Instructors:
Suzanne Cordovado, CDC
Barry Jones, Q2 Solutions
Linlin Luo, Merck
Jim Shen, Bristol-Myers Squibb


Neil Spooner
Neil Spooner

  
Joe Siple
Joe Siple

Melanie Anderson
Melanie Anderson

Kevin Bateman
Kevin Bateman

Tim Olah
Tim Olah

Enaksha Wickremsinhe
Enaksha Wickremsinhe

 

Short Course 3
Microsampling and Patient Centric Sampling:
A journey through what it is and how you can incorporate it into your workflows

There is growing interest in the collection and analysis of smaller volume matrix samples (≤100 µL compared to typical traditional volumes ≥200 µL) for the accurate quantitative determination of circulating drug, metabolite and biomarker concentrations in humans and animals. This has been brought about by the increasing sensitivity of analytical systems (particularly LC-MS) and the numerous advantages of implementing these workflows and their associated technologies. These advantages include the ability to collect clinical samples from previously intractable subjects and study locations, i.e. paediatric, critically ill, remote locations, near patient sampling (pharmacists, etc) and at home sampling. In addition, this approach enables additional samples to be collected giving improved data sets, i.e. additional timepoints, analytes, or collection of samples during a clinical event. Further, microsampling facilitates the collection of samples via alternative approaches (viz. finger prick sampling), delivering patient convenience and enables cost savings through ambient temperature sample shipments.

In addition to gaining an understanding of what the drivers for the implementation of microsampling are, attendees of this interactive short course will learn and discuss what techniques are available and will explore the pathways and challenges to the implementation of the approach for their clinical and bioanalytical workflows. This will include addressing the practical, data quality and regulatory issues likely to be encountered. Attendees will understand the benefits and challenges of implementation not only for themselves, but also for other functions and workflows involved in the generation of high quality data for robust decision making and regulatory submission.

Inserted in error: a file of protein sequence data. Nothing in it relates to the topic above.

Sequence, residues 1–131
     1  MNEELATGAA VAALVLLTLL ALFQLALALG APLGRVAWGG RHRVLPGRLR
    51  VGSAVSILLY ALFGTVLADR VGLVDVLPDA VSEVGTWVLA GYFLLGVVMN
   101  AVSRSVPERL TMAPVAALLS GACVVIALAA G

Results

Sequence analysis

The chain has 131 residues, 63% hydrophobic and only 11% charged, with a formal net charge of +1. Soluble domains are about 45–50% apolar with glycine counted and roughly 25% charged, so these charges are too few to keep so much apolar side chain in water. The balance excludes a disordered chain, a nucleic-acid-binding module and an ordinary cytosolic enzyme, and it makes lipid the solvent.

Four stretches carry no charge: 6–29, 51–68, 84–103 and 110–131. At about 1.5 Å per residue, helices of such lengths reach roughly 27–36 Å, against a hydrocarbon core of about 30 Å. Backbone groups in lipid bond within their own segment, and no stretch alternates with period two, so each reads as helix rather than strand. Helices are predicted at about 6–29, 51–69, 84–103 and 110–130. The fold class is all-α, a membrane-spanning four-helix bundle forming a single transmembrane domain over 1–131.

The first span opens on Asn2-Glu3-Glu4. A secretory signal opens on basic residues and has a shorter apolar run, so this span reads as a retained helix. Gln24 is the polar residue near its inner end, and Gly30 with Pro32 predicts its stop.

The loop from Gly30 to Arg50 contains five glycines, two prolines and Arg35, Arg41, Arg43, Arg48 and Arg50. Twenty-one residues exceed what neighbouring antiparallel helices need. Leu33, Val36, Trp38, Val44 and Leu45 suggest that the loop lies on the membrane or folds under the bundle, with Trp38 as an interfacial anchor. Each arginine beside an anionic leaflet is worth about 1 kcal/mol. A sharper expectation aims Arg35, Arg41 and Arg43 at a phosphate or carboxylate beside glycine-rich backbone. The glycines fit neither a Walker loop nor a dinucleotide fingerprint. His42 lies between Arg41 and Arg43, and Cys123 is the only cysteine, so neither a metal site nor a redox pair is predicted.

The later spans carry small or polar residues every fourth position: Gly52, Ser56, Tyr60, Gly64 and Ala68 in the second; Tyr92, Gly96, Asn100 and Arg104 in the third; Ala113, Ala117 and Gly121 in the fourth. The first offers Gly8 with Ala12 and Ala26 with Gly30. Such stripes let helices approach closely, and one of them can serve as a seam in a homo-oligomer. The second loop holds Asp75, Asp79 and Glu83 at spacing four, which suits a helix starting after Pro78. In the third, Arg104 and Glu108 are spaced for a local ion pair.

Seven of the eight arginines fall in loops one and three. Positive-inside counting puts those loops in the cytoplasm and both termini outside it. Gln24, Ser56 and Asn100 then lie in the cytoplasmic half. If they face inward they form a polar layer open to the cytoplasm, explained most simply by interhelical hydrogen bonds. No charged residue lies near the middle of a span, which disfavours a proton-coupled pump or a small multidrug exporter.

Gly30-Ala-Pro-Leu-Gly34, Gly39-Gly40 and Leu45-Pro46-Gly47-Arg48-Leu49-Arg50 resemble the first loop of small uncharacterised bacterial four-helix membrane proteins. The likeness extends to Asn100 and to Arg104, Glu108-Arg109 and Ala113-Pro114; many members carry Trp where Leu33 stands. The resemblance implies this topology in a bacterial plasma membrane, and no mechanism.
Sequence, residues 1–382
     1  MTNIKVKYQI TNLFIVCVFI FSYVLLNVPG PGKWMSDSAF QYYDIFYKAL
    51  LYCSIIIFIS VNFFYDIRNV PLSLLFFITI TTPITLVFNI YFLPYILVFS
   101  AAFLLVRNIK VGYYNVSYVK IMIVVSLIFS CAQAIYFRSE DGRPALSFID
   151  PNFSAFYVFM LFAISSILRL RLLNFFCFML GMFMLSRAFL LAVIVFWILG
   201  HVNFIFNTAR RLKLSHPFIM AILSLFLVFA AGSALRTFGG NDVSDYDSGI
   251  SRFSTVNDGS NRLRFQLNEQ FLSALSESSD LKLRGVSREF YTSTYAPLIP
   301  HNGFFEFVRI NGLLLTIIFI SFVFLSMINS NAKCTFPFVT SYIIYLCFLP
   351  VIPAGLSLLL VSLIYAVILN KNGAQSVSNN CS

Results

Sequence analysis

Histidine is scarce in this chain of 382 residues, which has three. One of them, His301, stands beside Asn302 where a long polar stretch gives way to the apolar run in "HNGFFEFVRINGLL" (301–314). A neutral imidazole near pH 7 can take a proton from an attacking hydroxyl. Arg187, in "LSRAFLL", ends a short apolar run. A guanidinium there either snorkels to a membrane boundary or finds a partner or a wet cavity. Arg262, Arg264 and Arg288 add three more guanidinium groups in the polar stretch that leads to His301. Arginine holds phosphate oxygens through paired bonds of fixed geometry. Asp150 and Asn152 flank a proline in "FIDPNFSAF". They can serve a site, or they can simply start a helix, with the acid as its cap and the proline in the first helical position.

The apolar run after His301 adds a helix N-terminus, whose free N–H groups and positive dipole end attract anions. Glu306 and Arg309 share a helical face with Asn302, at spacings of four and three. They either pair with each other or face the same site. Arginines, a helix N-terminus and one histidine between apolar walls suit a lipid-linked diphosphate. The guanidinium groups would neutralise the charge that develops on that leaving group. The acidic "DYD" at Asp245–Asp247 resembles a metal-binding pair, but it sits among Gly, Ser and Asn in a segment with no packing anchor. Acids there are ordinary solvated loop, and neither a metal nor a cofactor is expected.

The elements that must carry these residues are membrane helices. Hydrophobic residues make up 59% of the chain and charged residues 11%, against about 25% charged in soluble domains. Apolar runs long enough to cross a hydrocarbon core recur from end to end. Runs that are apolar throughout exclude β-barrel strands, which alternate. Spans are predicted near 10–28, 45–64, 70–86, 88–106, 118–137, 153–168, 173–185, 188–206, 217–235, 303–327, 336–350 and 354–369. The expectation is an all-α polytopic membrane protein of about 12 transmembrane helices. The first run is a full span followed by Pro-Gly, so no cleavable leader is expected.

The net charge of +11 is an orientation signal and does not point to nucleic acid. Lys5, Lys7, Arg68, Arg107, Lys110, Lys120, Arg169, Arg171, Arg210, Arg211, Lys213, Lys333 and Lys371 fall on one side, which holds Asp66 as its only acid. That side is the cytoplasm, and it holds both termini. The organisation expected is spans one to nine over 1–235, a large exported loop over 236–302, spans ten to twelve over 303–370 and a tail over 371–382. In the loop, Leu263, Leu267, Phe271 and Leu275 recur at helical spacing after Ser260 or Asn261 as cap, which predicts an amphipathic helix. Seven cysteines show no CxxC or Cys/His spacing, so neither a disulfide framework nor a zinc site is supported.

Attendance of this short course is encouraged for delegates from a wide variety of backgrounds, including (but not limited to) technology companies with an interest in blood sampling and analysis, clinical trials operations staff, clinical trials experts, pharmacokineticists, regulators and bioanalysts from pharma, biotechs and academia. Delegates will be encouraged to interact with colleagues and will be led by instructors with world leading expertise in the field.

Instructors:
Neil Spooner, Spooner Bioanalytical Solutions
Joe Siple, New Objective
Melanie Andreson, Merck
Kevin Bateman, Merck
Tim Olah, Bristol-Myers Squibb
Enaksha Wickremsinhe, Eli Lilly & Co.

Download Course Presentation


Olga Kavetskaia
Olga Kavetskaia

  
Arkady Gusev
Arkady Gusev

 

Short Course 4
Business of Science: Biomarker CRO Selection, Qualification and Oversight

Outsourcing is a common thread across the Biotech and Pharmaceutical industry. Therefore, maintaining solid science, quality and compliance of external providers (CROs) has become a critical element of pharma (i.e. sponsor) responsibilities. Clinical biomarker outsourcing is also part of the outsourcing trend and presents a unique set of challenges. This course and workshop will focus on the selection, qualification and oversight of bioanalytical CROs/vendors that support fit for purpose biomarkers in clinical studies and drug development.

Do you have an understanding of CRO selection process, strategic vendor management, and preferred vendor concepts? We will dive into the need of outsourcing strategies, operational and outsourcing models. We will also discuss CRO selection and benchmarking processes.